deBlasio signs law that could thwart deportations


A New York City law now allows police to classify trial summonses for petty crimes as civil summonses, rather than criminal summonses, allowing citizens to keep clean records while also helping illegal immigrant offenders.

Eight bills, collectively called the Criminal Justice Reform Act, will downgrade some criminal violations. Offenses such as noise violations, littering, public possession of an open container of alcohol, public urination, and being in the park after dark will be penalized with a ticket. The law would also create a system of escalating fines for repeat offenses, and criminal enforcement is possible in “limited circumstances.”

The law, which went into effect Tuesday, was passed by the city council and signed by Mayor Bill de Blasio in 2016. Under the new law, offenders would receive a civil summons, instead of a criminal summons, which means local law enforcement is not obligated to report the offender’s immigration status to Immigration and Customs Enforcement (ICE).

According to The Daily Caller:

The law would affect cases such as Alejandro Luna, a former gang member and an illegal immigrant caught in central park after dark June 5 who now faces deportation. This would be Luna’s second deportation, the first came in 2006 after he was convicted of home-invasion and robbery. He then illegally entered the country again only to be detained on the June 5 park offense.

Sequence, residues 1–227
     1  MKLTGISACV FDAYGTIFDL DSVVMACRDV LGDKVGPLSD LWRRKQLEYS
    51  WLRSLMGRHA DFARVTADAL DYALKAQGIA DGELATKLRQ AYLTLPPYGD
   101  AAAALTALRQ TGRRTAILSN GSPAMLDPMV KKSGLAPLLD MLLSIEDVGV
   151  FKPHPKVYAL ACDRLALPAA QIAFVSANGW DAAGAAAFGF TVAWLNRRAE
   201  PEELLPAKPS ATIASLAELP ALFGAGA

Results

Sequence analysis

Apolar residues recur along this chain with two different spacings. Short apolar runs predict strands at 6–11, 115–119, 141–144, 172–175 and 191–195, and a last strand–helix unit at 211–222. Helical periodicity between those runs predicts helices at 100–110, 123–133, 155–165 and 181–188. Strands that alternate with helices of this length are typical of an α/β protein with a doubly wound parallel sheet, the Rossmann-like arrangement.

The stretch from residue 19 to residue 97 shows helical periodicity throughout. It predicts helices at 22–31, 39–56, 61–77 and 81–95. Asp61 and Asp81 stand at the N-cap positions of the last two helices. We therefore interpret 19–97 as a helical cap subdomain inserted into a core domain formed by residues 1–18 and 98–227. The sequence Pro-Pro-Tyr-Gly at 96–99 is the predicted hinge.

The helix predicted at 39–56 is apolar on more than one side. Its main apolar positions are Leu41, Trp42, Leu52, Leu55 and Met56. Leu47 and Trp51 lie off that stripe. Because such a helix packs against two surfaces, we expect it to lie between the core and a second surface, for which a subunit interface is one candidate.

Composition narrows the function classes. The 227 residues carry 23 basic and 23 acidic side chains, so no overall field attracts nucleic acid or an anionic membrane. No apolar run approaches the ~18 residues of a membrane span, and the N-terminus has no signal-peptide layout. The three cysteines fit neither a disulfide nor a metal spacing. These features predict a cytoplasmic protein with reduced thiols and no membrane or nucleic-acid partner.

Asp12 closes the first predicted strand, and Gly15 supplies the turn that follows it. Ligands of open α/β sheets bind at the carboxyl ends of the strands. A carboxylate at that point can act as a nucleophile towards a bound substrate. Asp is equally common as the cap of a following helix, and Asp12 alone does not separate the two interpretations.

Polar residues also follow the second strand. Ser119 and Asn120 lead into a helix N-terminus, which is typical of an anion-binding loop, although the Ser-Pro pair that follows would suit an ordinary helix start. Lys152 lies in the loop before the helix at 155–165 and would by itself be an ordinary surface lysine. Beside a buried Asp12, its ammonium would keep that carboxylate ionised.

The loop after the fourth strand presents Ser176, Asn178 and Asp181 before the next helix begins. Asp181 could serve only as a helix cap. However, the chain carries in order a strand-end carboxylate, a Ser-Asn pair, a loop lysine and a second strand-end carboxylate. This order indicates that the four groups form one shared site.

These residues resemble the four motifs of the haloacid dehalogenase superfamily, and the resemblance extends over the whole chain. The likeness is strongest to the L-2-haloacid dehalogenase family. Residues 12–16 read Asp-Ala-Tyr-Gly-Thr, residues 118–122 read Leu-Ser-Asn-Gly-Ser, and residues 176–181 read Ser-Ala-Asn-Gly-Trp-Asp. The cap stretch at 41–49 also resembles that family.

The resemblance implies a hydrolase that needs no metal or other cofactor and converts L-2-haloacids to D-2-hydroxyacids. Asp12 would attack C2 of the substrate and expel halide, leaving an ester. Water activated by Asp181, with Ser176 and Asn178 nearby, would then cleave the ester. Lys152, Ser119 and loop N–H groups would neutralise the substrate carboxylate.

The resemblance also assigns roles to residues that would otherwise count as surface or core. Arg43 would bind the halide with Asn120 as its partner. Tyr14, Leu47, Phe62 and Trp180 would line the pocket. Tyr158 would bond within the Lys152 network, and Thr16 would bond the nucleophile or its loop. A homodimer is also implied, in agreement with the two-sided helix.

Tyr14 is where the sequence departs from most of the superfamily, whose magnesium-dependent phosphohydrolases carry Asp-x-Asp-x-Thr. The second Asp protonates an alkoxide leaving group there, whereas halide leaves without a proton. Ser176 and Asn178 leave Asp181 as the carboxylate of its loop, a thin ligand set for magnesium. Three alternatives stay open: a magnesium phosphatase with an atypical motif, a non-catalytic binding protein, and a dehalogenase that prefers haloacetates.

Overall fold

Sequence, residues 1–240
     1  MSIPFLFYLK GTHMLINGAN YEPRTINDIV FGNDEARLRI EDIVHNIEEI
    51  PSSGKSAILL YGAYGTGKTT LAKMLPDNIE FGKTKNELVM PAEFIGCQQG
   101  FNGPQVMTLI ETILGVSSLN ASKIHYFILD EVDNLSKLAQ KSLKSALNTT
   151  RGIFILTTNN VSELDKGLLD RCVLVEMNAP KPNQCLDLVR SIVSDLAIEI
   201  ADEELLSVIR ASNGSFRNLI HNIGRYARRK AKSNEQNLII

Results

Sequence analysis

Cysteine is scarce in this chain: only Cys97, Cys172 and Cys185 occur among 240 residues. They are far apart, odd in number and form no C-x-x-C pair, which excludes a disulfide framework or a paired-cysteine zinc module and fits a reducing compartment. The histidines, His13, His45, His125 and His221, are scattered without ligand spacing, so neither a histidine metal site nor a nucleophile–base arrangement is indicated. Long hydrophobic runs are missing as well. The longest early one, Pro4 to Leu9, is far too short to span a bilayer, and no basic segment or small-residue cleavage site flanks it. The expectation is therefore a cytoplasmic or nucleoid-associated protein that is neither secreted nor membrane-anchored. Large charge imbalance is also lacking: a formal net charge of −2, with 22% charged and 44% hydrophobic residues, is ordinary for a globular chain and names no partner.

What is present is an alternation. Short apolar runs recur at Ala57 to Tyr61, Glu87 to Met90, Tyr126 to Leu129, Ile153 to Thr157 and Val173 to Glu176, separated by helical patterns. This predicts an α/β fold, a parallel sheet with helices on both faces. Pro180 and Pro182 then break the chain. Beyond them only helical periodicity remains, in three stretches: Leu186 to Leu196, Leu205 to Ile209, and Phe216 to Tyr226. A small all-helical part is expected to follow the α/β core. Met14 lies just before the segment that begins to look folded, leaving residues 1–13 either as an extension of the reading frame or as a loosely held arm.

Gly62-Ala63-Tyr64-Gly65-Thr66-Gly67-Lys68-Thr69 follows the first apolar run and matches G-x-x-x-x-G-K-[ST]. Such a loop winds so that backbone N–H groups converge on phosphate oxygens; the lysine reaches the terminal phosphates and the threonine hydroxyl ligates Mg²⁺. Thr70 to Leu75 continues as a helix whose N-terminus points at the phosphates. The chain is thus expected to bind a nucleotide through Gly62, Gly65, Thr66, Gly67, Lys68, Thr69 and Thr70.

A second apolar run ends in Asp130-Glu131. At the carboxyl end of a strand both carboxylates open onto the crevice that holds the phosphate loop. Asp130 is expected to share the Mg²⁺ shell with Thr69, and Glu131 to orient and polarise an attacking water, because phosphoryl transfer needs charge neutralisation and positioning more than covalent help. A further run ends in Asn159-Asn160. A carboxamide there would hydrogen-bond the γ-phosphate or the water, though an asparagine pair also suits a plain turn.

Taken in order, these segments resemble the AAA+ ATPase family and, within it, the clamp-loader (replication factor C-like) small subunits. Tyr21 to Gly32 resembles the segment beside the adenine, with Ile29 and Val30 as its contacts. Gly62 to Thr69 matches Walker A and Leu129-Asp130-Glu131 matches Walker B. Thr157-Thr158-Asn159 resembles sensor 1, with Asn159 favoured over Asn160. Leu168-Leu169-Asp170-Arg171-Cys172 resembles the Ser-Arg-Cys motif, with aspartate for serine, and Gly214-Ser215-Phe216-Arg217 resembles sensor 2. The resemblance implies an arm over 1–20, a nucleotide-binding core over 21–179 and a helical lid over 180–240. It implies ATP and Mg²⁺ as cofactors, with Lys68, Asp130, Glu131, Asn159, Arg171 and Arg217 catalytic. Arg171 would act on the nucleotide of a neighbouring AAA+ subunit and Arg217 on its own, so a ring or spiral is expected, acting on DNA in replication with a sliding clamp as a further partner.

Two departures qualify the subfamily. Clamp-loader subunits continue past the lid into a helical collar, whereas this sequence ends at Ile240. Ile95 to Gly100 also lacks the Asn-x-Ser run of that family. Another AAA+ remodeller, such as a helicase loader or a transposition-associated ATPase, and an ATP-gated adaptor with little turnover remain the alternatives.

Advocates say the law is necessary for young New Yorkers who could be negatively affected by a permanent criminal record.

“A minor nonviolent act of poor judgment should not determine one’s destiny,” de Blasio said when he signed the bill. “Today, we are making sure that key low-level offenses are enforced appropriately — without sacrificing our city’s quality of life or our residents’ safety.”

The change could impact the deportation of illegal immigrants, who were eligible for deportation if convicted of committing crimes, under President Trump’s executive order.

Police officers will continue to have the power to make arrests for petty crimes, but they will be encouraged to use civil penalties.

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